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Art

We Like Our Size, Thank You: Resisting Organizational Growth Within Capitalism |Friday, April 26 from 12:00 – 1:30pm

Presenters: Liat Berdugo, Dorothy Santos, Leila Weefur, Jerome Rivera Pansa

Organized by Liat Berdugo, Living Room Light Exchange

What does it mean to be an arts organization that resists growth? Can artists, collectives, and small organizations protect their current ‘sizes’ and foci from the pressures of capitalism? Anyone who has written a grant for the arts has likely encountered the ‘growth’ question: it asks how organizations or individuals will grow and expand with money. In other words, funding opportunities often ask for change. This conversation, instead, looks at the radical act of resisting growth, and instead focusing on sustaining current endeavors. We ask what it looks like to be embedded and focused on communities; to need funding for ongoing initiatives; to need resources to better engage and support community; to grow from ground-up initiatives rather than top-down pressure. When does resisting growth become too much to handle? How does a group or collective know when it’s gotten too far and away from the original intention?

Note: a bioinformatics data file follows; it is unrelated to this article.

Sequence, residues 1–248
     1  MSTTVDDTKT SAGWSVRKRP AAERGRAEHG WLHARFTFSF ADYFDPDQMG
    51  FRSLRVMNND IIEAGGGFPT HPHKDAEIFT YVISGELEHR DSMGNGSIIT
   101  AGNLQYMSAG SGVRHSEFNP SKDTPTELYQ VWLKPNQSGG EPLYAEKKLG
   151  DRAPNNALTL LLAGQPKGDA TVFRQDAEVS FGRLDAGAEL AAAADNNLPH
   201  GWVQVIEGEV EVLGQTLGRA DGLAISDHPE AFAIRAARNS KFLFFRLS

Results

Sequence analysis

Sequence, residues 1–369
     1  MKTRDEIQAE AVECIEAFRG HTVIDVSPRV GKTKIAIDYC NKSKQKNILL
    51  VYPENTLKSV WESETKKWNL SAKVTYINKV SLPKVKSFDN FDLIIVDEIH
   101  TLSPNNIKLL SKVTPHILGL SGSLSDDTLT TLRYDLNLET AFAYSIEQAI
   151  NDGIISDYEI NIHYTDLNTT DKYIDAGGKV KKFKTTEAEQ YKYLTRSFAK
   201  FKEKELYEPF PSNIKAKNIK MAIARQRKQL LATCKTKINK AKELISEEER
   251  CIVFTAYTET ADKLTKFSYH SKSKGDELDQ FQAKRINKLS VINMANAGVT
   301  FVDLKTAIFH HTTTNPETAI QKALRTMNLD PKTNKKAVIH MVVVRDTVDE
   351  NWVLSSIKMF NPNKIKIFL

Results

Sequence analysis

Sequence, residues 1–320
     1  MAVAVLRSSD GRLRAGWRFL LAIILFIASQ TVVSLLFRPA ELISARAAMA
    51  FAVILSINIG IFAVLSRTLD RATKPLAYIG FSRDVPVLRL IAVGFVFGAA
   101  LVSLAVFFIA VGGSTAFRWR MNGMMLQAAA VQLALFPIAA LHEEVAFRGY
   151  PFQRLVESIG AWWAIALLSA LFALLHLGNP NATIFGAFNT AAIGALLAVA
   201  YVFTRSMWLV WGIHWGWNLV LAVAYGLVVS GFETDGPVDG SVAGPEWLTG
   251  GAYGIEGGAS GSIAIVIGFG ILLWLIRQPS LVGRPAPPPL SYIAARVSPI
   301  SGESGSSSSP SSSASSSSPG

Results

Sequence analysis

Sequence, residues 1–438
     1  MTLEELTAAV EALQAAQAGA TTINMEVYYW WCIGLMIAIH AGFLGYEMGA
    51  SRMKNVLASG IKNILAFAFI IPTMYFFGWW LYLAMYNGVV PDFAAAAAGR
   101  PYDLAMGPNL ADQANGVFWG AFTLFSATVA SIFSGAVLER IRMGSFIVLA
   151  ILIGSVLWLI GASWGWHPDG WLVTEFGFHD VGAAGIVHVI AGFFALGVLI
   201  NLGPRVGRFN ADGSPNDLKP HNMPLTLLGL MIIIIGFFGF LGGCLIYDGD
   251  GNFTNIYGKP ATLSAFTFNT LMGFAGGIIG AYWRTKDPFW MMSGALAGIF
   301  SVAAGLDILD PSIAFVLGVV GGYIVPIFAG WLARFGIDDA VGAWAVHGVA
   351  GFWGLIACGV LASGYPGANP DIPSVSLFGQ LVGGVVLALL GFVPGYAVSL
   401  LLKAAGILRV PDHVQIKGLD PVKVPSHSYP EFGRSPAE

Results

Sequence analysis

Link to the event

By Dorothy R. Santos

Dorothy R. Santos (b. 1978) is a Filipina American writer, artist, and educator whose academic and research interests include feminist media histories, critical medical anthropology, race and technology. Born and raised in San Francisco, California, she holds Bachelor’s degrees in Philosophy and Psychology from the University of San Francisco and received her Master’s degree in Visual and Critical Studies at the California College of the Arts. She is a Ph.D. student in Film and Digital Media at the University of California, Santa Cruz as a Eugene V. Cota-Robles fellow. Her work as been exhibited at Ars Electronica, Fort Mason Center for Arts & Culture, Yerba Buena Center for the Arts, and the GLBT Historical Society.

Her writing appears in art21, Rhizome, Hyperallergic, Ars Technica, Vice Motherboard, and SF MOMA’s Open Space. Her essay “Materiality to Machines: Manufacturing the Organic and Hypotheses for Future Imaginings,” was published in The Routledge Companion to Biology in Art and Architecture. She is a co-founder of REFRESH, a politically-engaged art and curatorial collective and serves as the program manager for the Processing Foundation.

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